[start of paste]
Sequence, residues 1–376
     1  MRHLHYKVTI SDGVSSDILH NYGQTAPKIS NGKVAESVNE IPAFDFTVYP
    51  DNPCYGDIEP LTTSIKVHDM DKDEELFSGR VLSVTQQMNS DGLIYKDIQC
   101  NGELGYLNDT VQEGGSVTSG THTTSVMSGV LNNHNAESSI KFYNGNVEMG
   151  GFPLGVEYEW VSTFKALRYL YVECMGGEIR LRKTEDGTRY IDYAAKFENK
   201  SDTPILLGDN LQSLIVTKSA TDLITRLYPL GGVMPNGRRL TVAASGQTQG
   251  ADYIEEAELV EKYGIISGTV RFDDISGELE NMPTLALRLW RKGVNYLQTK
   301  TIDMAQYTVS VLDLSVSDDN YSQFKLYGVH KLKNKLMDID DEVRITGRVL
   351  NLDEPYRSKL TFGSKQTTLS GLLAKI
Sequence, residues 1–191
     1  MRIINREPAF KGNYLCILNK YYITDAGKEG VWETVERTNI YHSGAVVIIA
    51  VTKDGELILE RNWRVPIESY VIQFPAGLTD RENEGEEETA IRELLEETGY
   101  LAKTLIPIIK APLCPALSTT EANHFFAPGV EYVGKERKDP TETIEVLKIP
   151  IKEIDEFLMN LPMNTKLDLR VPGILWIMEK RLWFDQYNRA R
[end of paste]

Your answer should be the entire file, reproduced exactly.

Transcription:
Sequence, residues 1–376
     1  MRHLHYKVTI SDGVSSDILH NYGQTAPKIS NGKVAESVNE IPAFDFTVYP
    51  DNPCYGDIEP LTTSIKVHDM DKDEELFSGR VLSVTQQMNS DGLIYKDIQC
   101  NGELGYLNDT VQEGGSVTSG THTTSVMSGV LNNHNAESSI KFYNGNVEMG
   151  GFPLGVEYEW VSTFKALRYL YVECMGGEIR LRKTEDGTRY IDYAAKFENK
   201  SDTPILLGDN LQSLIVTKSA TDLITRLYPL GGVMPNGRRL TVAASGQTQG
   251  ADYIEEAELV EKYGIISGTV RFDDISGELE NMPTLALRLW RKGVNYLQTK
   301  TIDMAQYTVS VLDLSVSDDN YSQFKLYGVH KLKNKLMDID DEVRITGRVL
   351  NLDEPYRSKL TFGSKQTTLS GLLAKI
Sequence, residues 1–191
     1  MRIINREPAF KGNYLCILNK YYITDAGKEG VWETVERTNI YHSGAVVIIA
    51  VTKDGELILE RNWRVPIESY VIQFPAGLTD RENEGEEETA IRELLEETGY
   101  LAKTLIPIIK APLCPALSTT EANHFFAPGV EYVGKERKDP TETIEVLKIP
   151  IKEIDEFLMN LPMNTKLDLR VPGILWIMEK RLWFDQYNRA R